Traditional examples of commons include forests, fisheries, or groundwater resources, but increasingly the term commons is used for a broader set of domains, e.g. knowledge commons, digital commons, urban commons, health commons, cultural commons, etc. The study of governing shared resources is therefore not restricted to the original domain of natural resources; the IASC brings together scholars from all those different application domains to exchange experiences and solutions.
Underneath you will find some examples of commons the IASC works on. This list is just an example and not exhaustive, you may also want to visit our page on Regions and Themes.
Common land is land owned and governed collectively by a number of persons. It may also concern land owned by one person, institution, or a number of persons, over which other people have certain traditional rights, such as to allow their livestock to graze upon it, to collect firewood, or to cut turf for fuel. Those entitled to those rights are called commoners. Common land can be found in many different forms; in some areas, such as Belgium and the Netherlands, common land as such has almost completely disappeared in the course of the nineteenth century. In other countries, such as the United Kingdom, in Italy, but also in Eastern-European countries, commons still exist until the present day: in England, for example, there are still over 7,000 registered commons.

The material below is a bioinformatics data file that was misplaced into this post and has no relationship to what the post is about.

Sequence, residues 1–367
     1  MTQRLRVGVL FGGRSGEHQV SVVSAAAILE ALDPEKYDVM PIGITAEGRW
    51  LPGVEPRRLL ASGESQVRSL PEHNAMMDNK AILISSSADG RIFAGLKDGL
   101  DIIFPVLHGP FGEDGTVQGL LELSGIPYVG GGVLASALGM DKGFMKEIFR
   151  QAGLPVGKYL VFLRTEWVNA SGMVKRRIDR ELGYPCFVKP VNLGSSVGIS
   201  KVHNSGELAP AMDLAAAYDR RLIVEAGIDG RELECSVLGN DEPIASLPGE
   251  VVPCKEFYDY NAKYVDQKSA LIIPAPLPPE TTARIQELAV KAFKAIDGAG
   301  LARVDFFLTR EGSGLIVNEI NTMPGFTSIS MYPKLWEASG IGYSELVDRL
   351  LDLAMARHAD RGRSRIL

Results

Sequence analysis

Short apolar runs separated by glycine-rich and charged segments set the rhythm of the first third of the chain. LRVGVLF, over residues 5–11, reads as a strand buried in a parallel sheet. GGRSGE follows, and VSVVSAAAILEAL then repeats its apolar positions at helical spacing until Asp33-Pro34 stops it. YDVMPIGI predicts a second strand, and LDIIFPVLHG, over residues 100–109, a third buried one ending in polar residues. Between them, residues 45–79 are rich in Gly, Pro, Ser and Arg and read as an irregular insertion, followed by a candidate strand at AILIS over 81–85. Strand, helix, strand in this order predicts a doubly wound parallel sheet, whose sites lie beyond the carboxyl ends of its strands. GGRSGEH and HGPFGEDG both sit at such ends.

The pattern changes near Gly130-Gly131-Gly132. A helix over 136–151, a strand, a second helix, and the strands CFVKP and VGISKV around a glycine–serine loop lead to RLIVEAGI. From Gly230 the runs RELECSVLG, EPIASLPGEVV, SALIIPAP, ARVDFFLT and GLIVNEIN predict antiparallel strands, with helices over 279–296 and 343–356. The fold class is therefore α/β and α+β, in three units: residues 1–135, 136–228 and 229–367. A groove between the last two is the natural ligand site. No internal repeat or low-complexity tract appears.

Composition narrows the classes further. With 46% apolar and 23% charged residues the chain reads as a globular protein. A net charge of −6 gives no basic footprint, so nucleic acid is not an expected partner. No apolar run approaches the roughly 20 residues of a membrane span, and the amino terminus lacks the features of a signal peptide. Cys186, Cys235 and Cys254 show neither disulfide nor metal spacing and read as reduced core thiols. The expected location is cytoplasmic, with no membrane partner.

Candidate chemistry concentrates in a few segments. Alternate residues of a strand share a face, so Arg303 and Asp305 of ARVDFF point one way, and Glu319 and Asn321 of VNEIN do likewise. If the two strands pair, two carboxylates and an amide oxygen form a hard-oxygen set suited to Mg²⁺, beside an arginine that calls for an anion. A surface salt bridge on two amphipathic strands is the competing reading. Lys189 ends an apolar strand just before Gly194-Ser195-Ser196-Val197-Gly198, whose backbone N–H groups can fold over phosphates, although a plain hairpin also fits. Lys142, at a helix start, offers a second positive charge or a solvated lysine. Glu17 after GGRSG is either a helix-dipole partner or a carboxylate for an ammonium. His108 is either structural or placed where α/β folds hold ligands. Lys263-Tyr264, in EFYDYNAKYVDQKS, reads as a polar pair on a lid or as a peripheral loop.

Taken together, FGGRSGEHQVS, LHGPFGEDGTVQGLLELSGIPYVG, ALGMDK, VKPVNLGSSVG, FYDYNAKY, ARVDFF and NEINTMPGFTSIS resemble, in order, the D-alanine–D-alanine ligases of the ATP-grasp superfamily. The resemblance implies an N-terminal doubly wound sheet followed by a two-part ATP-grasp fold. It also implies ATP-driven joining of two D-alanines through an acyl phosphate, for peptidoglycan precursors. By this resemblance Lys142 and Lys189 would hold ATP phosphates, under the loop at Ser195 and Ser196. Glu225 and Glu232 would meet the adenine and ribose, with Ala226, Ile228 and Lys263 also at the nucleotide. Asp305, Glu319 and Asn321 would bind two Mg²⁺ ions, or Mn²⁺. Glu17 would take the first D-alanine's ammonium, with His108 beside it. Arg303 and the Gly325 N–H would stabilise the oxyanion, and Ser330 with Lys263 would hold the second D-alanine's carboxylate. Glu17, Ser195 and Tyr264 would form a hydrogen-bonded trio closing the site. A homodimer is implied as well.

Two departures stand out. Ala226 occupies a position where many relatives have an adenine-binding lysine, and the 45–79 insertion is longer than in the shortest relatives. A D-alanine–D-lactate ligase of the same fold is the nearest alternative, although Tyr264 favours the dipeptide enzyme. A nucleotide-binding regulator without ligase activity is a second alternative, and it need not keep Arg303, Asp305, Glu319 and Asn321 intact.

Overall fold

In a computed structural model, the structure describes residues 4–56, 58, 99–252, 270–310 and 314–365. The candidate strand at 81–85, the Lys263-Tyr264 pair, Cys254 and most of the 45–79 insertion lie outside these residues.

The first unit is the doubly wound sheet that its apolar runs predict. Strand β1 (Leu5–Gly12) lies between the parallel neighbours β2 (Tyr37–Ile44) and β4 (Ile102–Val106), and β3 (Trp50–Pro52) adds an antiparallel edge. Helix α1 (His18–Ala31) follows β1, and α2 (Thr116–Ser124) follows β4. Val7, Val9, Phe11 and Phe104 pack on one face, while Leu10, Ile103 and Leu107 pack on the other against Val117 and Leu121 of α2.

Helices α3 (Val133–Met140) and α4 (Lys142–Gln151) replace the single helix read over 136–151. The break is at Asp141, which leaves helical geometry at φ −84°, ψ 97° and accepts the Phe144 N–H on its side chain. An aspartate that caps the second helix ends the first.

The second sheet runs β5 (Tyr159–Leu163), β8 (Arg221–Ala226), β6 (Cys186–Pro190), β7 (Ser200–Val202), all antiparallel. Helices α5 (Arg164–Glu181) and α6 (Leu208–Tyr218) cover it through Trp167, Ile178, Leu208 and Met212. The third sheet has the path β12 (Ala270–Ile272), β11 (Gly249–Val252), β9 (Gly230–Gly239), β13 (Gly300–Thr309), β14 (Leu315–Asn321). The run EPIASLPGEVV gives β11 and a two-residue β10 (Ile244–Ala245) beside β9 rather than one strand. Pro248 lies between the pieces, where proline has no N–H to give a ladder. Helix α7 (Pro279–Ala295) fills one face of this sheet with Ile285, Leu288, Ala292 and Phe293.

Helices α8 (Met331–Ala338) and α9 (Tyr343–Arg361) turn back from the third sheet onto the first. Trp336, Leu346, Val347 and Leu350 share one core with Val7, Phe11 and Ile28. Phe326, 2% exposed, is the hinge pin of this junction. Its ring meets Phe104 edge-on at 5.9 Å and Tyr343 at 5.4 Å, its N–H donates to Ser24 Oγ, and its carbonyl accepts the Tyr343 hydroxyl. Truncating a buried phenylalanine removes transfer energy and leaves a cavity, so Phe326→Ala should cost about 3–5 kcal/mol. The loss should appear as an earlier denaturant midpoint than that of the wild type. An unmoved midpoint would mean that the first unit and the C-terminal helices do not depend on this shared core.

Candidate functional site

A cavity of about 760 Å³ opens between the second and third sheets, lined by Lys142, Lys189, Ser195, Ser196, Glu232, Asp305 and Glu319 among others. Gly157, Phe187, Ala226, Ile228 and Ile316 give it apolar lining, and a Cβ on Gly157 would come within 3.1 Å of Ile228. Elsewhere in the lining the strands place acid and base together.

Urban residents share access to a number of tangible and intangible resources in which they have a common stake. These resources range from local streets and parks to public places to a variety of shared neighborhood amenities. The management and governance of these collectively shared urban resources or 'urban commons' face the same challenges as there rural counterparts: How to create sustainable ways of managing these resources? How to avoid free-riding? In present-day society, urban commons nonetheless seem to offer a solution both regular governments and market parties are incapable of offering. In some cases, city governments therefore embrace this development and form coalitions with its citizenship to co-create the city as a common.
The term 'knowledge commons' refers to information, data, and content that is collectively owned and managed by a community of users, particularly over the Internet (e.g. Wikipedia). What distinguishes a knowledge commons from a commons of shared physical resources is that digital resources are non-subtractible; that is, multiple users can access the same digital resources with no effect on their quantity or quality. A main principle of the knowledge commons is that the traditional copyright is abandoned: no permission is required and no license has to be acquired to study, use, change and redistribute an improved work again—under the only condition that all future works building on the license are again kept in the commons. The most popular applications of the 'copyleft' principle are the GNU Software Licenses (GPL, LGPL and GFDL by Free Software Foundation) and the share-alike licenses under creative commons.